Other Canadiens are going with the flow and accepting that -- after the NHL lost so much revenue a season ago and is attempting desperately to rebound right now -- the league is going to keep games going so long as there are enough warm bodies available on the bench.
We asked Nick Suzuki what it’s like to come off the ice and practically have to check jersey names to see who he’s taking his next shift with.
“You just have to play the same way,” Suzuki said. “Try to find chemistry with different players. The lines were getting jumbled a lot with 11 forwards. You try to do your best. We all worked hard, and that’s all you can ask for all the guys here.”
A win seems out of the question, and that puts the integrity of the game in jeopardy.
But the Canadiens are heading to Florida for a Saturday matinee game against a loaded Panthers team that depends on the gate revenue Quebec snowbirds will surely bolster.
“We’re just doing whatever the league and our team tells us,” Suzuki said before trying to find a positive of continuing to play through this situation. “I think there’s opportunity for guys to show that they can play in the NHL and that’s always good for young guys…It’s a big opportunity for them, and they should look at it that way.”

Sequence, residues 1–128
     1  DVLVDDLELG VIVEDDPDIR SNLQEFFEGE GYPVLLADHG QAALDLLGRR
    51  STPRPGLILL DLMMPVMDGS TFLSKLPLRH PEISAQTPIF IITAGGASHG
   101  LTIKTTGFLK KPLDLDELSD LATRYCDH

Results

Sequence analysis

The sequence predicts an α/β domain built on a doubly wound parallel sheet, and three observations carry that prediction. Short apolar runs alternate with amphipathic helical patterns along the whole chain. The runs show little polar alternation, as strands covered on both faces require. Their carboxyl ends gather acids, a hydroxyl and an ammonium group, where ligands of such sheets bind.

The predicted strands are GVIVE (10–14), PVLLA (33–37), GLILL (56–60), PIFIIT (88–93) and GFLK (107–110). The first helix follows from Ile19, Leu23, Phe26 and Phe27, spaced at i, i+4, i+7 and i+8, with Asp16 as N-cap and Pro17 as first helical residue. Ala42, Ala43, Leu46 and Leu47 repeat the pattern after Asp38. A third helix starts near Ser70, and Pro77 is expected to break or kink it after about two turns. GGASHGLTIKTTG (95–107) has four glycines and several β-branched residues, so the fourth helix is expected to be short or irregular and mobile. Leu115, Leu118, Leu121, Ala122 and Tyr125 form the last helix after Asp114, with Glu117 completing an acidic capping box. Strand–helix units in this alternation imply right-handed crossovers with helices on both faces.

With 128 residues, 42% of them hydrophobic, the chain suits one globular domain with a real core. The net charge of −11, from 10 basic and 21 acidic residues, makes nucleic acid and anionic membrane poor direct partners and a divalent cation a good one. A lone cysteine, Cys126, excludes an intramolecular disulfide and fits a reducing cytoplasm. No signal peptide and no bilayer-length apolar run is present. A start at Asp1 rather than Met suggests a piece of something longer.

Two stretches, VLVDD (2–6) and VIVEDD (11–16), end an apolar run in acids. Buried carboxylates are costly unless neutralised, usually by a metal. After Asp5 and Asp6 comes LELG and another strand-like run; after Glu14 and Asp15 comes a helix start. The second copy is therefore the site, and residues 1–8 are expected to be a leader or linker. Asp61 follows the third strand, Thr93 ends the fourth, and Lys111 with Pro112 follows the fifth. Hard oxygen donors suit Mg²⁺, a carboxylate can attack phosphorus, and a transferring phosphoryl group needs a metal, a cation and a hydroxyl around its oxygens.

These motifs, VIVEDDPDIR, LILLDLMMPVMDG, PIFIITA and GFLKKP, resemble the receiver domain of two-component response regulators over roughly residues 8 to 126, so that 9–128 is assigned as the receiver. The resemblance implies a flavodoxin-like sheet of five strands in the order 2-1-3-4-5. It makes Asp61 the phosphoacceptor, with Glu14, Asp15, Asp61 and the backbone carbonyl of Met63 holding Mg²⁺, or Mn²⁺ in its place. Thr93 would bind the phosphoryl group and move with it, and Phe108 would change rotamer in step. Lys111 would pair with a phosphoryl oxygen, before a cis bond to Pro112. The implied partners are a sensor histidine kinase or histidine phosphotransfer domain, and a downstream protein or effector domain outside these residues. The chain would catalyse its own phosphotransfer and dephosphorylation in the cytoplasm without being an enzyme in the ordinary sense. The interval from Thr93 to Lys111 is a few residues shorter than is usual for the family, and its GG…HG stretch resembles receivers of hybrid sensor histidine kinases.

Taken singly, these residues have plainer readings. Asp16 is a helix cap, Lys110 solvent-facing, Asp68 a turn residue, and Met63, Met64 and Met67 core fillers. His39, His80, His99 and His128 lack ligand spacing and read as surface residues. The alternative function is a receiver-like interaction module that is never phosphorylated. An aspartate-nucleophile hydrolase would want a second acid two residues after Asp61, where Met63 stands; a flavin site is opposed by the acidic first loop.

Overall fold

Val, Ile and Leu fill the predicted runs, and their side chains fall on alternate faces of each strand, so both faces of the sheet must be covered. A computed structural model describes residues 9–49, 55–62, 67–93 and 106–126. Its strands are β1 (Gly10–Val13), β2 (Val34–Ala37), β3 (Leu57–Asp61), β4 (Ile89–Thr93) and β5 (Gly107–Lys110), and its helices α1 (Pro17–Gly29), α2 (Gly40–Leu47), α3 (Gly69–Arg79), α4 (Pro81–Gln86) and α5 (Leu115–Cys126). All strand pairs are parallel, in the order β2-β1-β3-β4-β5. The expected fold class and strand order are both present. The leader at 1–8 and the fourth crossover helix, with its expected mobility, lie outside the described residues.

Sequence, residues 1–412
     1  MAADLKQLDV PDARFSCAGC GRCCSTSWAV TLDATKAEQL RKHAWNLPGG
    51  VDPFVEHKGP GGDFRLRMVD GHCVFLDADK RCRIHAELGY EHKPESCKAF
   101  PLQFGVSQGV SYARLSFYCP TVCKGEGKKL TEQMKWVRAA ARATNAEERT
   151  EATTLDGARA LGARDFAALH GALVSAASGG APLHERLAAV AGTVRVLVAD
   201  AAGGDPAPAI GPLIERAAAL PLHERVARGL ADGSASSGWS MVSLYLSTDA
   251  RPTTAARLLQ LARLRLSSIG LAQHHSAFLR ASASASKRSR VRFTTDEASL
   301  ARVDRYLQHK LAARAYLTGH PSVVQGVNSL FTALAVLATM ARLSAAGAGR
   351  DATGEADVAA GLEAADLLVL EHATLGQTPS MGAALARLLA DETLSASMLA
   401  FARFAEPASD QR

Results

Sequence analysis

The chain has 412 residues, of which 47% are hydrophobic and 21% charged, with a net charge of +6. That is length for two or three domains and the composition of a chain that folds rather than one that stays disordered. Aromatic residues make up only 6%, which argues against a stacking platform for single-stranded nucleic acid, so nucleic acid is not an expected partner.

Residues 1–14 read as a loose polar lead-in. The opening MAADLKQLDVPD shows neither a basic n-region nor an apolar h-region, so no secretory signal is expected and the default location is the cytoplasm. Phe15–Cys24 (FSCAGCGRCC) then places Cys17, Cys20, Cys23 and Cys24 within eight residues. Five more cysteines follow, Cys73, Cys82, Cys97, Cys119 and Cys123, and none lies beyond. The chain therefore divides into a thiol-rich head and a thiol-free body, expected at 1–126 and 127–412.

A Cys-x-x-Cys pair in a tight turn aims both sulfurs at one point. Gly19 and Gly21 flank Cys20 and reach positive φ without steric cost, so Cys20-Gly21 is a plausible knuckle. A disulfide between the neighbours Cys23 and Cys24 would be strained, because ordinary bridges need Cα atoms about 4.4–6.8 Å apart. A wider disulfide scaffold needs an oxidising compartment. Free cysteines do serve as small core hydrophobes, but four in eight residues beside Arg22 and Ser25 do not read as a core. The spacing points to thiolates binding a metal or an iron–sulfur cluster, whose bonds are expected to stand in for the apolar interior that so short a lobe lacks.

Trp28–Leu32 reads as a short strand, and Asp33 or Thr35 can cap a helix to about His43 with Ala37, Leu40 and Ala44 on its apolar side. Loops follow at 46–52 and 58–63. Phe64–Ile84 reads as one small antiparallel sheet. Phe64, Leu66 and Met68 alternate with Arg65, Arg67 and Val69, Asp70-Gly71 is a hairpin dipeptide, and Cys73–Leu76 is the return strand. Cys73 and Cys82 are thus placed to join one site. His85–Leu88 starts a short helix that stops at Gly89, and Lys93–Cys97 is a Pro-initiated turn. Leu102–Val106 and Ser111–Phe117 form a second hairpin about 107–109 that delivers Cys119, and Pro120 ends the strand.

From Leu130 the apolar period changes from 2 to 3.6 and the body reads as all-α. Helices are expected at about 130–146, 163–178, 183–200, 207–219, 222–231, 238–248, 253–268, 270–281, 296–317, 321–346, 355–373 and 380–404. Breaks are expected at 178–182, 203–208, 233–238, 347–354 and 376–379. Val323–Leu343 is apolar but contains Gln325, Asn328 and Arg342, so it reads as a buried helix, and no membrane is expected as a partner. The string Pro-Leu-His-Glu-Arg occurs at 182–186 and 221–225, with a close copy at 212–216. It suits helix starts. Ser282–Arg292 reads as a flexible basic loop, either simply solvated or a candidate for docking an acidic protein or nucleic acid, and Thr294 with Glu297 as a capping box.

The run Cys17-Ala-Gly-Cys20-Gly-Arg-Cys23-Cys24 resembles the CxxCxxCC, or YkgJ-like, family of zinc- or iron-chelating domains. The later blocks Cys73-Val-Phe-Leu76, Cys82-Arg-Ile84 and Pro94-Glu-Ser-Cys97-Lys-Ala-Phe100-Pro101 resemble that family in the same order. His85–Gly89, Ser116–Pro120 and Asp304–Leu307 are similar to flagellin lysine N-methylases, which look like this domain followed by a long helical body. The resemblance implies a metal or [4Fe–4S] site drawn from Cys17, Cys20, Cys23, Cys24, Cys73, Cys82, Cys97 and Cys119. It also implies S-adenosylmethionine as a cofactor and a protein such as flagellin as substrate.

Lukas Vejdemo seizing opportunity
One of the young(ish) players Suzuki was referring to was 25-year-old Lukas Vejdemo.
With Drouin suddenly absent, the former third-round pick in 2015 was promoted to the top line with Suzuki and Gallagher, and for a second consecutive game he showed NHL capability.
Vejdemo scored against the Lightning on Tuesday, and he had Montreal’s best chances to score against Carolina on Thursday. Through just under 14 minutes of ice-time, he registered three shots on net, and Ducharme used him more than any other forward on the penalty kill.
“He’s a good skater,” said Ducharme. “Every one of them, when you come up in those situations, you need to be using your strengths. If you want to be having an impact, you’ve got to be using your strengths and need to be keeping the game simple and using those tools. And that’s what he’s doing. He’s a good skater, he’s got pretty good hockey sense, and with those combined he’s doing pretty well.”
Alex Romanov had five hits in this one (he’s up to 111 on the season) and played 22:02 after notching a career high 26:53 against the Lightning on Tuesday. The 21-year-old is taking massive strides of late, playing much more within his capabilities and finding a way to be more efficient. When he was asked on Tuesday morning about the biggest lesson he’s learned, he said, “I think you don’t need to waste energy and work with your brain,” which was his version of “Work smart, and not just hard.” He’s a player with boundless energy, and he’s clearly figuring out how to better channel it. ... With Gianni Fairbrother and Louie Belpedio entering COVID protocol earlier on Thursday, the Canadiens are going to need a couple more players to meet them in Florida. Ducharme wasn’t sure yet who those players might be, but it’s already been ruled out that players coming out of protocol -- Artturi Lehkonen, Laurent Dauphin and Mike Hoffman -- can join them.